Reporting from Washington — The Supreme Court struggled Tuesday to decide whether Congress left parents the option to sue a drug maker for selling a vaccine with potentially dangerous side effects.
Vaccines can protect millions of children from deadly diseases and serious illness, but they can cause injury or illness to a small fraction of those who are inoculated.
Congress set up a fund in 1986 to compensate parents of children who were injured by a vaccine. But many parents have been dissatisfied with the fund.
The justices are considering the case of a Pittsburgh woman who suffered seizures as a baby shortly after she was given a third dose of a vaccine for diptheria, tetanus and pertussis. Hannah Bruesewitz, now 19, suffered developmental disabilities, and her parents sought compensation in 1995.
A month before that, the "vaccine court" set up by Congress dropped "residual seizures" from the list of injuries that called for compensation. Frustrated, the family sued, but their claims were dismissed by federal judges who said the law barred such suits against vaccine makers.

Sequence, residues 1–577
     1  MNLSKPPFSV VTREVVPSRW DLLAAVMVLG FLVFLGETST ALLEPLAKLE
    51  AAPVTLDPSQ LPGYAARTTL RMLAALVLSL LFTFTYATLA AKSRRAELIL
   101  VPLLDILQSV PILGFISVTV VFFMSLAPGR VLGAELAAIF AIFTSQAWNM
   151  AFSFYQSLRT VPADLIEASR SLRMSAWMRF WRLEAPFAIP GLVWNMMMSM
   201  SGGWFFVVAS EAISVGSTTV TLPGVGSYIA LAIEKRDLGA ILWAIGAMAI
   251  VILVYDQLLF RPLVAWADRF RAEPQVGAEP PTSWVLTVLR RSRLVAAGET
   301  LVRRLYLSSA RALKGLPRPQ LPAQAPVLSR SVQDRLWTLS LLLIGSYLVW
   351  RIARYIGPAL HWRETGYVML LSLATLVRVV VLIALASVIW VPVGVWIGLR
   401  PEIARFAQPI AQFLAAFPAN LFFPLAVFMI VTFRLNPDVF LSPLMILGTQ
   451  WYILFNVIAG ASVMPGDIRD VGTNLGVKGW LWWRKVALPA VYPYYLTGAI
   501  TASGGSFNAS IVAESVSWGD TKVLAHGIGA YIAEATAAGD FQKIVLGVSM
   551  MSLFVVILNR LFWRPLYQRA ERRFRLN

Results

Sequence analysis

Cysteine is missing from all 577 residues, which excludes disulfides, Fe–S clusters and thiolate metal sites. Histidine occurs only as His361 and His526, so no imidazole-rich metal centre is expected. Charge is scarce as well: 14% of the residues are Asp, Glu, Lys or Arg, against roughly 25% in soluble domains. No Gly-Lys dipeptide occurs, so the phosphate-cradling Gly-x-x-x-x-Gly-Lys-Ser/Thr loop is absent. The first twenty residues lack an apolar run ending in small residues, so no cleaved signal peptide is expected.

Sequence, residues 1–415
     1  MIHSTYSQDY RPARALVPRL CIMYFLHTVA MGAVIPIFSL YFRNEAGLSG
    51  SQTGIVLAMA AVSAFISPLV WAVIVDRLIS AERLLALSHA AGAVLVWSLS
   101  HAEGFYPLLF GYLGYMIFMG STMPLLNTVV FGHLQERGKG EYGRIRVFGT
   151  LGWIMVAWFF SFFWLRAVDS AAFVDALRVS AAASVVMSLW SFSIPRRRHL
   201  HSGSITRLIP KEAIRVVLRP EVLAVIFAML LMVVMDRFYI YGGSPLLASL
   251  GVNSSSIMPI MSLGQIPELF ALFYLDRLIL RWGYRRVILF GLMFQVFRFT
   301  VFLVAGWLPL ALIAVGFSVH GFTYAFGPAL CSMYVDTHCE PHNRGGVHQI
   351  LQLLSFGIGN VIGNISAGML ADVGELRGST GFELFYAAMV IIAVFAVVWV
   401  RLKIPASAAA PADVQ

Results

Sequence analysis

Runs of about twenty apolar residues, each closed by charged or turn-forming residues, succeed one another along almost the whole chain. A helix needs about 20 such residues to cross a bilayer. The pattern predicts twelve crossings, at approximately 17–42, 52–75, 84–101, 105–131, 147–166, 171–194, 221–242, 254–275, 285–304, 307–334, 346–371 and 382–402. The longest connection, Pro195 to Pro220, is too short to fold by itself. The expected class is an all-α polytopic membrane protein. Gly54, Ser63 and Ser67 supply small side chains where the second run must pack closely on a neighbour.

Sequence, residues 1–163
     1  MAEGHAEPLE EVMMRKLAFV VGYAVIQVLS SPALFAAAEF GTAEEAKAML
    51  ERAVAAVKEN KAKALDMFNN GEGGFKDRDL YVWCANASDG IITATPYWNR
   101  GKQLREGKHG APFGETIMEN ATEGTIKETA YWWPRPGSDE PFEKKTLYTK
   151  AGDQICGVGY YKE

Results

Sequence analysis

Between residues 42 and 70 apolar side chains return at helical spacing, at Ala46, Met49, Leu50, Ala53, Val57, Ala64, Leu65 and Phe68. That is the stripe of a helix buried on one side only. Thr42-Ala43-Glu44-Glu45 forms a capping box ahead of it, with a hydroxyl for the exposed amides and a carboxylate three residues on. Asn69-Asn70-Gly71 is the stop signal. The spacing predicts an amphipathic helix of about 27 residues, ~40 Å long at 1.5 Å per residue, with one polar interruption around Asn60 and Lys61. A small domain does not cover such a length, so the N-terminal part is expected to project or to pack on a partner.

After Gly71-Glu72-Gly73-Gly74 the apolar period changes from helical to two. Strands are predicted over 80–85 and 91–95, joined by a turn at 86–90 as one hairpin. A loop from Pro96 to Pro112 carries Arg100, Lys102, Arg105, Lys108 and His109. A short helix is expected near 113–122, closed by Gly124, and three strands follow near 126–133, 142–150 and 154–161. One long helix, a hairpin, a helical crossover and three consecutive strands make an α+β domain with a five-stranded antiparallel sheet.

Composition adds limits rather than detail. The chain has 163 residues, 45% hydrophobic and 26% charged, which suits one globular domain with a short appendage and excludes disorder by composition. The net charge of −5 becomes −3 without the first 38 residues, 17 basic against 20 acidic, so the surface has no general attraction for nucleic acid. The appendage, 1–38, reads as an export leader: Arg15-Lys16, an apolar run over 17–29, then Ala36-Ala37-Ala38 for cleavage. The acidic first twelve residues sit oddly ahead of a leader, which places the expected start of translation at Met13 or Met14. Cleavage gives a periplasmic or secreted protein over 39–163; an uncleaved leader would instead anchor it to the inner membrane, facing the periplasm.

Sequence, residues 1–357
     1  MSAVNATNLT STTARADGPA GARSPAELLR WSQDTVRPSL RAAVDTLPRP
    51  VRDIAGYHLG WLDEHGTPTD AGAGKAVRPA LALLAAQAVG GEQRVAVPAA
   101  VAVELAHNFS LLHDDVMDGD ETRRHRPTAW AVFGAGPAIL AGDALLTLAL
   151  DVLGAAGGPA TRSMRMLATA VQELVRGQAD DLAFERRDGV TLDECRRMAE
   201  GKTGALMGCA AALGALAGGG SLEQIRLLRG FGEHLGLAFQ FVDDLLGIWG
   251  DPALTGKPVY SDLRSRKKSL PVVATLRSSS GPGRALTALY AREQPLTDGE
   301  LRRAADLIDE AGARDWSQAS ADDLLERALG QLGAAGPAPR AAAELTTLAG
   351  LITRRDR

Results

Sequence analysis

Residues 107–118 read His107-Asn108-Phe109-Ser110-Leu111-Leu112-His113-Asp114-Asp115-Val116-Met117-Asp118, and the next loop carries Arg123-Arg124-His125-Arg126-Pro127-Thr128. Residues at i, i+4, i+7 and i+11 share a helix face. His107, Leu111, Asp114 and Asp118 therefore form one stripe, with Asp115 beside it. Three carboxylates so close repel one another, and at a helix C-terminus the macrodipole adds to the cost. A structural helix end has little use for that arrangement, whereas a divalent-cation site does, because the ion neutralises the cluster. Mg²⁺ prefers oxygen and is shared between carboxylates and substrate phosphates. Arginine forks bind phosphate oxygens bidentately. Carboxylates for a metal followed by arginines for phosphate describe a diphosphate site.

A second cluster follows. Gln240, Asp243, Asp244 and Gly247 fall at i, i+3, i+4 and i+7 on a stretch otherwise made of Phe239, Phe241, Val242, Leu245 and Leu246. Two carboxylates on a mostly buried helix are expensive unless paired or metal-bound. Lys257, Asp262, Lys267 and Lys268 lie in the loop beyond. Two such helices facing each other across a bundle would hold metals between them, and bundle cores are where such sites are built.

"We have never had our day in court," said Washington lawyer David Frederick, who represents the Bruesewitz family.
Justices Sonia Sotomayor and Ruth Bader Ginsburg took the family's side, arguing that because a safer vaccine was available in the early 1990s, the drug maker could be sued for selling a more dangerous type of vaccine.
But Justices Anthony M. Kennedy and Antonin Scalia said Congress had passed the law to shield manufacturers from lawsuits. "There is a tremendous expense" to defending against lawsuits, Kennedy said. The worry was that vaccine makers would get out of the business if they were exposed to massive lawsuits, he said.
The case, Bruesewitz vs. Wyeth, could end in a 4-4 tie; new Justice Elena Kagan withdrew because she participated in it as U.S. solicitor general. If that happens, the lower court ruling favoring the drug maker would stand.
It is also not clear how the outcome would affect the thousands of claims involving children with autism, a disorder commonly cited in vaccine lawsuits. Even if the court rules for the Bruesewitz family, they could go back to court, but the ruling would still require them or other parents to prove that the vaccine caused the harm to their child.